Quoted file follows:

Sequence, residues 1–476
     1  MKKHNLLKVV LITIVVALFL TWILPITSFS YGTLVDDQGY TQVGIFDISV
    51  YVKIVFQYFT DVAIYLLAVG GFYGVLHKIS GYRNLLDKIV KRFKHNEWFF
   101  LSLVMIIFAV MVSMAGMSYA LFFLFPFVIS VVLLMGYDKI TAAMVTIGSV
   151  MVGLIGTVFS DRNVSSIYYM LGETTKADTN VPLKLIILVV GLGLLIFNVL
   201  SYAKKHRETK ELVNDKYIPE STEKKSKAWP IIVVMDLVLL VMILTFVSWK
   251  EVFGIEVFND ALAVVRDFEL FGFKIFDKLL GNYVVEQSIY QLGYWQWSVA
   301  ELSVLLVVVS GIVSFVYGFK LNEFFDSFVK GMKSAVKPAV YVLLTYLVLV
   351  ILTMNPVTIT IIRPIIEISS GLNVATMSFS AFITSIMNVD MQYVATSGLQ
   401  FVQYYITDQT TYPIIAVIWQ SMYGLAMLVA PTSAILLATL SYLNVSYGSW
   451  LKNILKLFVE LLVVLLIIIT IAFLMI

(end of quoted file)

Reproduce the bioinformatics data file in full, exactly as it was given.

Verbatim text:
Sequence, residues 1–476
     1  MKKHNLLKVV LITIVVALFL TWILPITSFS YGTLVDDQGY TQVGIFDISV
    51  YVKIVFQYFT DVAIYLLAVG GFYGVLHKIS GYRNLLDKIV KRFKHNEWFF
   101  LSLVMIIFAV MVSMAGMSYA LFFLFPFVIS VVLLMGYDKI TAAMVTIGSV
   151  MVGLIGTVFS DRNVSSIYYM LGETTKADTN VPLKLIILVV GLGLLIFNVL
   201  SYAKKHRETK ELVNDKYIPE STEKKSKAWP IIVVMDLVLL VMILTFVSWK
   251  EVFGIEVFND ALAVVRDFEL FGFKIFDKLL GNYVVEQSIY QLGYWQWSVA
   301  ELSVLLVVVS GIVSFVYGFK LNEFFDSFVK GMKSAVKPAV YVLLTYLVLV
   351  ILTMNPVTIT IIRPIIEISS GLNVATMSFS AFITSIMNVD MQYVATSGLQ
   401  FVQYYITDQT TYPIIAVIWQ SMYGLAMLVA PTSAILLATL SYLNVSYGSW
   451  LKNILKLFVE LLVVLLIIIT IAFLMI